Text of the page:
Colin Hancock, the male lead, is a heavily tattooed, muscular “hunk” with serious anger management issues and a criminal record for violence. He is trying to take a different turn. He tends bar at the beach to earn money to fund his courses at UNC-Wilmington and his plan to become a third grade teacher.

Getting these two people together is Sparks’s first task, and it is the key to all of his stories, as he explained to me a few years ago.

It is not complicated, he said. First, he gets his main characters in mind, usually a man and a woman. Then he figures out how he is going to get them together, or get them back together if they had a past relationship.

Finally, he figures out how the story will end.  “For me it’s either happy, sad, or bittersweet.”

There are only these three possible endings, he says.

If they are going to be happy in the end, Sparks says, something sad has to happen along the way.

“Then,” he told me, “I have a story.”

But “See Me” is more complicated. In addition to the developing romance between Maria and Colin, there is a looming threat to Maria and her family. It could be someone in Wilmington or someone with a grudge based on something that happened in Charlotte while she was prosecuting criminals.

Nicholas Sparks has added a mystery to the story and made it a thriller.

He confesses that weaving in the mystery made writing “See Me” more challenging than his earlier books. He found himself backtracking and rewriting to be sure the mystery worked. In addition to being sure the clues to the mystery were properly disclosed along the way, Sparks wanted to build a sense of danger that grew as the story progressed.

He wants his readers to be able to solve the mystery, but not until a page or two before it is revealed in the book.

Will Sparks’s fan base support this combination of romance and mystery? Will the extra work he put into the new book pay off?

We will know in a few days when the “best seller” reports are published. Preliminary sales reports are positive. And the enthusiasm of the crowd at Chapel Hill is a good indication that Sparks has hit another home run.

Good for him.

And good for North Carolina.


Wearing a Black Doctor’s White Coat

“Why do black people suffer more health problems than other groups? What do these challenges mean in their everyday lives? How do their struggles play out before a largely white medical community? How can we begin to solve these seemingly intractable problems?”

Damon Tweedy

Dr. Damon Tweedy

Dr. Damon Tweedy raises and discusses these questions in his new book, “Black Man in a White Coat: A Doctor’s Reflections on Race and Medicine.”

Another question he asks, “Do I have a special role to play as a black physician?” He responds with stories from his own experiences.

Dr. Tweedy is now an assistant professor of psychiatry at Duke University Medical Center and staff physician at the Durham VA Medical Center. But his memoir begins when he, as a black first-year medical student at Duke, entered a white medical world in which his race often made him an uncomfortable outsider.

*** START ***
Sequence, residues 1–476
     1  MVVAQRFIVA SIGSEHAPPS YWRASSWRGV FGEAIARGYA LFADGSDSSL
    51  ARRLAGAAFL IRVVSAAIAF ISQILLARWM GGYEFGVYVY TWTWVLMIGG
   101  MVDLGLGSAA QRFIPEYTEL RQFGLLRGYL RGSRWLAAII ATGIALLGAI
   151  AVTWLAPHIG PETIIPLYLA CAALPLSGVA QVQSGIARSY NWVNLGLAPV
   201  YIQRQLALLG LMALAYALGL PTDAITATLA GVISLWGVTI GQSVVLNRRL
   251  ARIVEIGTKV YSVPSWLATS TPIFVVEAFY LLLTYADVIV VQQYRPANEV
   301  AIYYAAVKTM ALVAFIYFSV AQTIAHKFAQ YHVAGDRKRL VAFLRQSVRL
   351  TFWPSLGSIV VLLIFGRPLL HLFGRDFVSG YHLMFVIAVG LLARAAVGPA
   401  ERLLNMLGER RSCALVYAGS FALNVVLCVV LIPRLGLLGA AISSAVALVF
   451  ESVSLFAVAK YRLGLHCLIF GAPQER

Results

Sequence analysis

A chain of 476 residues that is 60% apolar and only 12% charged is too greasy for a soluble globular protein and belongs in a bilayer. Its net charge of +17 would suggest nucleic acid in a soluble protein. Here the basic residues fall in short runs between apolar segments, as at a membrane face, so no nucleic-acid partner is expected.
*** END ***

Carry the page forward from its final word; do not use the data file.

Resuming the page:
In an early encounter, a professor, when Tweedy reentered a lecture hall after a break, greeted him with, “Are you here to fix the lights?”

When Tweedy said he did not have anything to do with the lights, the professor frowned and said, “Then what are you doing here in my class?”

When Tweedy replied, “I am a student in your class,” the professor looked away, then walked off without another word.

His black classmates advised him to shake it off, but the incident “shattered my brittle confidence and my tenuous feeling of belonging at Duke.”

On a positive side, Tweedy worked extra hard to do well in the professor’s class. When he earned the second highest grade in the class, the surprised professor offered Tweedy a research job in his lab, which Tweedy did not accept. He left the office “with a confused mixture of pride, relief, frustration, and bitterness. ‘Are you here to fix the lights?’ stirred then—and still today—each of those emotions.”

If Tweedy had accepted the professor’s offer and the two had become good friends and a Nobel Prize winning research team, it would have made a heartwarming story of racial reconciliation and progress. But it was not to be.

Later, though, Tweedy tells a poignant story of change that made me reach for my handkerchief.

When Chester (not his real name) entered the emergency room in Durham showing signs of infection and injury to his kidneys, he made one request. “I don’t want no black doctor.”

Except Chester used the “N” word.

Chester’s daughter wore a T-shirt that “proudly displayed the Confederate flag.” The daughter’s tattooed son’s shirt pocket “flaunted a smaller Confederate flag” and “looked the part of virulent racist.”

When Tweedy became his doctor, Chester would not speak to him directly, but as Tweedy learned about Chester’s life and love of baseball’s Atlanta Braves, things began to warm up. After about a week and a half in the hospital, Chester finally responded when Tweedy asked how he was doing. “Okay, doc. I think I’m getting better.”